HS Freshmen – How to be prepared to be recruited

Posted on September 7, 2017. Filed under: AAU, Baseball, Basketball, Boys High School Basketball, Football, Girls High School Basketball, Sporting News, Sports Business | Tags: |

It’s not too early too early to think about recruiting as a freshmen

September 2017

compiled by Prez Ro
follow back at @PrezRo365

We recently published a general overview of the recruitment process for high school athletes to college <LINK>. With the new school year upon us, we wanted to expand on that article and get a little more in depth for freshman so they would know exactly what to do and expect as you prep for your college athletic career.

As a freshman athlete, senior year seems so so far away and makes you think you have so much time to get ready to be recruited. But, one dream killer is procrastination i.e. “I’ll get to it later.” Your four years in high school will go fast, faster than you realized so take advantage of each moment and opportunity, on the field as well as off.

But if you take it year by year, you will put yourself in the best position possible to be recruited and have a leg up.

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Decisions… things to think about
One of the great things about starting to prep in your freshman year is that you have to start thinking about where you want to go. You don’t have to make those life-altering decisions right now. All you have to do is think a little personal Q&A…ask yourself:

  • “What type of school do I want to go to? Big? Small? Religious?
  • DI?
  • DII?”
  • DIII?

Get a general idea of the schools that could possibly interest you. Remember that you want a school that will provide you with a great education and an athletic opportunity which could possibly save your parents money for school. Hopefully, your school is providing you access to third-party search tools like CommonApp.

By doing this all of this now, you’re creating a list of potential schools you can see yourself at four years from now. Not only that, you’re giving your parents and guidance counselor a great direction of where to focus their energies by giving them as much info as possible for continuing the college search, setting up campus visits, and more. When the time comes to actually start applying, the list will be a lot shorter and you’ll be 100% more confident that those schools are where you want to be—and this gives you extra time to explore and add other schools, if necessary.

Take your list of schools and jump onto their websites to learn more about the sport(s) you are interested in and about the sport culture in general (i.e., the team, coaches, team record, schedule, etc.). If you live around any of these schools, take some time and go watch the level of play at a match one day. Seeing what the college level is like at such an early point in the process can only make you want to learn more and be better at your sport.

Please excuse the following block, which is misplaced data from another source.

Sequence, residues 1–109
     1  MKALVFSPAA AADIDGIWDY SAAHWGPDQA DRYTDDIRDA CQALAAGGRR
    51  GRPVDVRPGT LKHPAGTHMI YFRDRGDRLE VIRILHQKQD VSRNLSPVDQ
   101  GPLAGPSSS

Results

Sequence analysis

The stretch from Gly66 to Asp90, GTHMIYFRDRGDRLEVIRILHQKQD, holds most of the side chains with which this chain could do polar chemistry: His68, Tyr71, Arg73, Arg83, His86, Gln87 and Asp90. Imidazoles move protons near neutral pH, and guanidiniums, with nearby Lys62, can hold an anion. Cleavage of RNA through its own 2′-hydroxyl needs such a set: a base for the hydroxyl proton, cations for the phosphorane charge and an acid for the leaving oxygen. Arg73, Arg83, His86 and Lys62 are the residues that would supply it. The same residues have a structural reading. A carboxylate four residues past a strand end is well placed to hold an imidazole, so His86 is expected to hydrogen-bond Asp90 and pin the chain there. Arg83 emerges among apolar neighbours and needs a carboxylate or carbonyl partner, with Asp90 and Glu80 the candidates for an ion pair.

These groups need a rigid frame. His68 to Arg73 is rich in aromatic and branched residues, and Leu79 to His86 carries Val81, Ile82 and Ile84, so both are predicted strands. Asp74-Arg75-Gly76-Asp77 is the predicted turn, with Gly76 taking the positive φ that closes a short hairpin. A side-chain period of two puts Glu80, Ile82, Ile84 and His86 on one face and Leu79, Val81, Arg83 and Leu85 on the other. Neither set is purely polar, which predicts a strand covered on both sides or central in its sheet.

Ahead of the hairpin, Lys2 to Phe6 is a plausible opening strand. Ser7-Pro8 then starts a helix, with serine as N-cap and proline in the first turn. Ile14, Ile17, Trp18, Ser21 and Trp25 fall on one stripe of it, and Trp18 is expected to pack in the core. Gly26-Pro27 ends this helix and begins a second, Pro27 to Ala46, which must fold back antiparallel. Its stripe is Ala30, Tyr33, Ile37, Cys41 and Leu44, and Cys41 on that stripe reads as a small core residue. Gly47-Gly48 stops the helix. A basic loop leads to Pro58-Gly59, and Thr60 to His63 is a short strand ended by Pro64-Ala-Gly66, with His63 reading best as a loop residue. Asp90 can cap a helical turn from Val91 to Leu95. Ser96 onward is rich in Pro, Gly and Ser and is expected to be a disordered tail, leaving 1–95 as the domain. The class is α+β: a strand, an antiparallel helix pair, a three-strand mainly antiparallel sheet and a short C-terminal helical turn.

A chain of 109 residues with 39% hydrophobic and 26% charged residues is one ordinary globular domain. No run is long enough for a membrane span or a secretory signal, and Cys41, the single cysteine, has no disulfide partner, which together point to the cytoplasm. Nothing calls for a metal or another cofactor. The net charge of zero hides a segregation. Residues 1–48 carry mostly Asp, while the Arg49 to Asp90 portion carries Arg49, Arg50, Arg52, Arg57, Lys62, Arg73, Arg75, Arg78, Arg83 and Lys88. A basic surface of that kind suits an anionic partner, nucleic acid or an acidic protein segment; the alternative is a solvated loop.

Another great way to conduct research is through attending sports camps. Coaches use camps to identify potential athletes at an early age. If you can figure out what camps your favorite coaches like to attend, sign up! The more time they get to watch you play, the better they will get to know you, and the better they can imagine you on their team.

Get to know your guidance counselor
While your guidance counselor is not a recruiter, they are there to truly help guide you through this whole process; they are your best resource this early in the game (no pun intended!).

In order to become a college athlete, you need to take the appropriate high school classes and thus, get your high school diploma. Meet with your guidance counselor at some point during your freshman year and map out your next three high school years with the right classes that will keep you on track. Keeping a good relationship with your counselor will also result in a much more personal recommendation as well.

What to expect freshman year
While I can’t outline every specific recruiting rule for each division and sport (see all the individual sport/division information for the NCAA here), there are general rules that still must be followed during your freshman year.

Surprisingly, according to the NAIA Recruiting Rules, there are no restrictions for students and coaches freshman year. Specifically, their rules for coaches state: “You are permitted to contact high school students as early as you would like to in their career—freshman, sophomore, junior year—that is all perfectly permissible, and you can contact them as many times as you think is appropriate in order to recruit the student to your institution.”

The NCAA, however, is not as lax as the NAIA, as it has restrictions galore throughout the high school years. Don’t expect coaches to be calling you and making you offers right now. The most you will probably get will be some questionnaires or brochures in the mail. If you absolutely need to talk to/introduce yourself to the coach, you can call them, but they cannot return the call. It’s a little one sided at the moment, but there are rules for a reason and they need to be followed.


I know, I know. A lot of the above doesn’t sound all that exciting. I mean, what are you doing to really get yourself recruited? You’re just starting the journey, so all you need to do this year is work on making the team, getting good grades, and start thinking about college. As you progress through each high school year, you’ll see how everything adds up.

Hey sophomores, you’re up next! Leave some questions in the comments and I’ll make sure to answer them in your next blog.




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